Since I grew up in a Chinese culture, the predominant religious beliefs were
- Folk religion
- Agnosticism / Atheism
While I have friends who are Buddhists or into Feng-Sui, I could not accept the notion that "life is pain" and you can end your suffering via mental and societal discipline.
I grew up among Christians, or at least among the children of Christian missionaries, and frankly their conduct and behavior did not cause me to want to worship Jesus Christ.
I pondered Atheism, but the outlook was so bleak that I abandoned that rather quickly. First of all, the notion that there is no grounding reality, no God to look to, was too much for me; with no absolute, suicide seemed as logical as having supper. Secondly, I had seen too much unexplained phenomena to dismiss a spiritual reality.
Warning: this paragraph could be a little gory, you may want to skip it.
When I was about 13 or 14, we lived next door to a Chinese monk. During the Hungry Ghost Festival that year, the monk invited a god to possess his body as he marched in a procession. The physical harm I saw inflicted upon this man's body was terrible as the procession went by our house. The surrounding township watched the procession of dozens of monks, and as my neighbor danced down our street in a frenzy, cutting his back with a sword I had watched him sharpen, devotees struck him with spiked clubs and stabbed him through with shiny metal spikes. Yet as I watched the devotees rince him off with a hose and pull the metal spikes out of his back/chest and arms, he appeared comletely unharmed, though weakened by the apparent loss of blood. I didn't hang around his kids much after that.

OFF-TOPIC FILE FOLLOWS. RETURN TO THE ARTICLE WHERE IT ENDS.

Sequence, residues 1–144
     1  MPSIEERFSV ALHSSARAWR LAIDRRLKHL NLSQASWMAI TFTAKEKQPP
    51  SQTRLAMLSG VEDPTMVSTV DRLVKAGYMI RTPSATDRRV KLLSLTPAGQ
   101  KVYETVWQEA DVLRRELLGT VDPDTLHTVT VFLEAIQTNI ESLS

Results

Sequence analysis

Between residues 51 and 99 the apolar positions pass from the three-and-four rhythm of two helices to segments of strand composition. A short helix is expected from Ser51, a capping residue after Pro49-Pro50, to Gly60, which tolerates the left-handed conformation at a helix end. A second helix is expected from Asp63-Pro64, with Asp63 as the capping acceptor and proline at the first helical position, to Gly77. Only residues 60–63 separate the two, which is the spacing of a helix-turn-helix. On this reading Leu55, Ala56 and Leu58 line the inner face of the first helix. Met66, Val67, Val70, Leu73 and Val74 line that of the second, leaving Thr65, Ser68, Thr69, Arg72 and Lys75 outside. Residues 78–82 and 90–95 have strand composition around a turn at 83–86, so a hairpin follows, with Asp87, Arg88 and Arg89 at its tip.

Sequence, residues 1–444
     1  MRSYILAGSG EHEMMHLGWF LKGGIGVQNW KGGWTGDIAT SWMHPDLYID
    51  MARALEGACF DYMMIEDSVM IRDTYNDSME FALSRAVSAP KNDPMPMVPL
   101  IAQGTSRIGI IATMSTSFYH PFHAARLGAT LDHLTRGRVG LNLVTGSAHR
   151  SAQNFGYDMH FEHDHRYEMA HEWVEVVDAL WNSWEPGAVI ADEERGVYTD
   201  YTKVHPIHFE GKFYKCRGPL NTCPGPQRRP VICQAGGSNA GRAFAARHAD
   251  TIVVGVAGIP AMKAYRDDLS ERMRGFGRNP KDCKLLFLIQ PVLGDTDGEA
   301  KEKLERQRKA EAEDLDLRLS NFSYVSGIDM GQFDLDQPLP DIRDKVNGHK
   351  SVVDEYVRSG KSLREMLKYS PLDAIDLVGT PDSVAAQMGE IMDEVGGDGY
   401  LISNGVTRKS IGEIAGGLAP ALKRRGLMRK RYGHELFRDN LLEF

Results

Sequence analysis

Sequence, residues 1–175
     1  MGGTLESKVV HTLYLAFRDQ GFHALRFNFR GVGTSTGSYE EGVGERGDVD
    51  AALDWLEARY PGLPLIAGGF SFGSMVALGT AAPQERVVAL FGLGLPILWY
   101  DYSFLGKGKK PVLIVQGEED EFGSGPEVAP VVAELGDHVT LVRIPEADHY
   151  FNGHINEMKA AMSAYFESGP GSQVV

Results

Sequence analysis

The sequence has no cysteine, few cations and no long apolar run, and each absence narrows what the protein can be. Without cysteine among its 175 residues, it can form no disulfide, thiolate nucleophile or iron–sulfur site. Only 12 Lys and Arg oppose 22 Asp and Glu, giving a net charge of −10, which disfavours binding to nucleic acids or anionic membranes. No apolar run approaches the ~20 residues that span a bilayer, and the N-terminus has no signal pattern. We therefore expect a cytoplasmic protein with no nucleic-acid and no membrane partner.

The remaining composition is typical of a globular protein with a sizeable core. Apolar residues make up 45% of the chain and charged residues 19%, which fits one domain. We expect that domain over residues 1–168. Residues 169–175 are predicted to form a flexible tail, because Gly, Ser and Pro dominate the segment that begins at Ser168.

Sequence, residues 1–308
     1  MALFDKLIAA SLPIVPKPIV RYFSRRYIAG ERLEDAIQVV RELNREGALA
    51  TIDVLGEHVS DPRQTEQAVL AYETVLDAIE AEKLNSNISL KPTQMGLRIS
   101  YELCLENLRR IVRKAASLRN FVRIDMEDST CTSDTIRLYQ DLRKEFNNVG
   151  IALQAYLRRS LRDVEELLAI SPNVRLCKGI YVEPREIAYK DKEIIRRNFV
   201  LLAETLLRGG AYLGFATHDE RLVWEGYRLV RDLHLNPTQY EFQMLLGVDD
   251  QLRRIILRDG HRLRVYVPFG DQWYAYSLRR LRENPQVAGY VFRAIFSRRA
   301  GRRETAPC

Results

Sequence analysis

Anyway, what I had seen caused some questions in my mind. So I tried to follow the philosophical Way of Taoism, which essentially teaches that you should unite with the source through detachment from the world. As a side note, I find it interesting Taoism teaches that "The Tao produced One; One produced Two; Two produced Three; Three produced All things." Taoism left me to my own recognisince, and frankly I was not up to the task.
Despite my experience as a child, I was a young man in high school when I became a Christian. When I encountered the Living God, or actually when He confront me, I became convinvced of my need for forgiveness, and my need for meaning and significance available through God Himself.
It may be my foreign background or religious experience that gives me unusual theological dispositions. Maybe I stared at the stars too much as a kid. But now I know who I am and why I live.
If you want meaning, belonging, and significance in your life, you need God. You need Him, and God is ready and waiting for you. Don't wait, you won't regret it.